Ohhhhhh I can’t wait to read Crown, so I’m really glad you enjoyed it so much! And just out of curiosity: Does part of this story take place at the same time as The Star-Touched Queen, after Maya has gone to Akaran and married Amar? Or does it take place afterwards? I forgot what the age difference was between Maya and Gauri…
It takes place afterwards – Gauri is younger and yes… Maya does play a part in this one, though not so much.
Glad to see you really enjoyed this. It’s one that passed me by – I remember the first book but as I’m trying to cut back my books at the moment (which is indeed a struggle) for now I’ll just keep adding the books I like the look of to my wishlist – which is becoming embarrassingly long – so this and the first can go on the list.
Both of these books are a joy, which a particular vibe all of their own.
Wow. You really loved this one. I confess, the cover is so spectacular I’d pick it up just because of that:)
Oh I really, really love her style of writing – she is a joy to read. And you’re right – the covers are stunning, aren’t they?
Normally I stay away from YA books , I tend to not enjoy many of those , but an Indian origin author , writing fantasy , with Indian characters and set in India (bharata is the Hindi name of India fyi) and as per your review both have been fantastic books … So basically not only have I added this to my TBR but bumped it several thousand places up to read it asap
Oh, I would LOVE your take on this one, Rash:). I’m guessing Chokshi has woven some classic Indian mythic riffs in amongst her wonderful stories, but it would be great to know whether my hunch is right…
Yep will have to wait before I can buy this , since this is the Month of Tax filing in India and I have financial issues to deal with this month , but I’m surely interested in reading this asap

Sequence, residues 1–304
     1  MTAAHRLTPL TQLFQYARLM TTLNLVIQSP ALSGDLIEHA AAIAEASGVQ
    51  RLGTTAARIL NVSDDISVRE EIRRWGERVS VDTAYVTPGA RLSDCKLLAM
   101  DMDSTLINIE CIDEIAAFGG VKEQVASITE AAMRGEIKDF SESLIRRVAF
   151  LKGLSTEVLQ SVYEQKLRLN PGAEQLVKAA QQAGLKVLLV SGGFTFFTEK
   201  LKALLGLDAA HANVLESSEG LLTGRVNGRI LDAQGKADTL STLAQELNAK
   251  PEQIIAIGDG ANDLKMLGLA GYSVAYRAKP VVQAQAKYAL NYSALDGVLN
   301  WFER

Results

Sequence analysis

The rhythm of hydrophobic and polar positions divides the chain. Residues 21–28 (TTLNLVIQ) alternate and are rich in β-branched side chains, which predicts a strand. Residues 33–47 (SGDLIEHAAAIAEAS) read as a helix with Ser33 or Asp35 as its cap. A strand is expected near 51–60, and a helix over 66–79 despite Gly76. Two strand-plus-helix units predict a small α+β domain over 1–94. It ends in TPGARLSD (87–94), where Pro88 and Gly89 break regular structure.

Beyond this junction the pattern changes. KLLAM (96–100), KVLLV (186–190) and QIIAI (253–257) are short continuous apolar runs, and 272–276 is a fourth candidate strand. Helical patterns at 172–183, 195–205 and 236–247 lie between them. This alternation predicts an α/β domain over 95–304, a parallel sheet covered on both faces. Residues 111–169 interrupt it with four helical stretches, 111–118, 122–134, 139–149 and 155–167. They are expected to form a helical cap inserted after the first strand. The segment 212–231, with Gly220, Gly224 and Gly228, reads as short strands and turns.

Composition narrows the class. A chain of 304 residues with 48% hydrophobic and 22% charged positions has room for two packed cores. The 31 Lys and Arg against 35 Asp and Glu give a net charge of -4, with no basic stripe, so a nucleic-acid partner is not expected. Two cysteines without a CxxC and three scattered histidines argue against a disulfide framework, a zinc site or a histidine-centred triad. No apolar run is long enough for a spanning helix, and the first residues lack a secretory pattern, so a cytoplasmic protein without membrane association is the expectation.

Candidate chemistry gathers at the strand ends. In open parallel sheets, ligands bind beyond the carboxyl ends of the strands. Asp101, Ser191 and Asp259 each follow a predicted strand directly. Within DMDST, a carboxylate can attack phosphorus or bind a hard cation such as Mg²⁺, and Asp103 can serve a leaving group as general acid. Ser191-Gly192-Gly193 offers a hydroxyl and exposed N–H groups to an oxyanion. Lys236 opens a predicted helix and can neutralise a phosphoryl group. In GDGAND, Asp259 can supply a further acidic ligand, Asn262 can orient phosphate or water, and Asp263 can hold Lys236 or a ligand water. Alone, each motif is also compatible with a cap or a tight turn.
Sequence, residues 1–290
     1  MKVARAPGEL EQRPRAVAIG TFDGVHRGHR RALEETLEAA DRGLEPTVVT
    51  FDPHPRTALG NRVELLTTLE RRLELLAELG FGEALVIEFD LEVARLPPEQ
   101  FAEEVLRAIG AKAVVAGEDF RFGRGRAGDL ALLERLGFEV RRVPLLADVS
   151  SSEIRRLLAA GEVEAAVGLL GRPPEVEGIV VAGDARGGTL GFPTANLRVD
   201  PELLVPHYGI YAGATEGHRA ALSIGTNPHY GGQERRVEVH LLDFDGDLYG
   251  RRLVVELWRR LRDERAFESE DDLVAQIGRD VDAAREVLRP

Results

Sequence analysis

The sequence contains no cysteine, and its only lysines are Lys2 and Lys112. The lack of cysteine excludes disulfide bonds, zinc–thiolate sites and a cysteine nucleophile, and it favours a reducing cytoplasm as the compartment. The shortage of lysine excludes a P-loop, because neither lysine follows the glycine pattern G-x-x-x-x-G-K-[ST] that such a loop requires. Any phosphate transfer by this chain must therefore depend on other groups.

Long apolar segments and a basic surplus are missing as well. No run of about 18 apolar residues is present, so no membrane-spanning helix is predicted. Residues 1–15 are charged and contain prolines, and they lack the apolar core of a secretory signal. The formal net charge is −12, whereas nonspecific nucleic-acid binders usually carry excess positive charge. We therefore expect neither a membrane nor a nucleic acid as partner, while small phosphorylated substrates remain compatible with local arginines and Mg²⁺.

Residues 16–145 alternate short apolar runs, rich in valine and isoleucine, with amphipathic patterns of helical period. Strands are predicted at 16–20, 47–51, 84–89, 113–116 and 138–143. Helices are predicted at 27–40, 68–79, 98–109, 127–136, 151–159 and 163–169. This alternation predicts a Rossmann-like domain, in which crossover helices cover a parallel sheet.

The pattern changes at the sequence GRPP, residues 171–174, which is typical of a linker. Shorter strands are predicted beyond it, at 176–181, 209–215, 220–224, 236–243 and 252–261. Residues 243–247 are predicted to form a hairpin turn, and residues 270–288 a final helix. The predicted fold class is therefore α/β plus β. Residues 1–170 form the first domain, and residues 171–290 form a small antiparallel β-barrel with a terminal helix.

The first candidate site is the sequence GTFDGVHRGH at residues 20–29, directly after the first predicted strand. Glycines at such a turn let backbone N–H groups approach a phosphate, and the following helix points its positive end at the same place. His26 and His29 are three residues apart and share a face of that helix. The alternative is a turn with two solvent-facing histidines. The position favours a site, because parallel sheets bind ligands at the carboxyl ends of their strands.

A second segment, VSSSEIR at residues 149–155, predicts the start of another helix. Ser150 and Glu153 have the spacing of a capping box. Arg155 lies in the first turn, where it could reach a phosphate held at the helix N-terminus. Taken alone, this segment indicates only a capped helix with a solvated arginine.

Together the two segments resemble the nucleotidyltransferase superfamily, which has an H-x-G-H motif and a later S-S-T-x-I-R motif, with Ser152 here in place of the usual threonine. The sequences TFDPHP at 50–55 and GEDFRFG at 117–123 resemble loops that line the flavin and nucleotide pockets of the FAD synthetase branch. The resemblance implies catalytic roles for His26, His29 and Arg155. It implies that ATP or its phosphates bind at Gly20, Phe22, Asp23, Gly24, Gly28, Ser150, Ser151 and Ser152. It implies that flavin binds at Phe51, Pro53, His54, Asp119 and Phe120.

Oh I know that feeling:(. We are also trying very hard to rein in our book addiction, just now.
Wow, a 10 out of 10! I do need to start this series. I have a copy of the first book, so no more excuses:-)
Oh, well if you’ve got The Star-Touched Queen, I’d be fascinated to hear how you get on with it. I am aware she is a Marmite writer – you either love or loathe her writing style. But I think she is a highly talented storyteller in the classic style.
This sounds like a series that will “sweep you away.” No wonder you enjoyed it!
She has a very sensual, lush writing style which I adore:).
I’m still so torn about this series. It feels like it might be a very good match for me, but the “YA” tag instantly makes me think I’m going to be disappointed. And your review is making me reconsider my choice of putting it away (at least for the time being).
She’s an inspired storyteller and the Eastern tradition sings through her prose. There is a romantic element, but while YA romances can be a bit annoying, I didn’t find this one was.
That’s what makes me so torn. Her books seem so promising… but at the same time, I don’t recall any “contemporary” (as when it was written, not when it’s set) YA book I’ve read that I liked.
In which case you might want to give it a miss – there are some books where I blinked at the YA label, wondering if I’d got it wrong – Laini Taylor’s Daughter of Smoke and Bone series comes to mind, here – but this is definitely a YA book.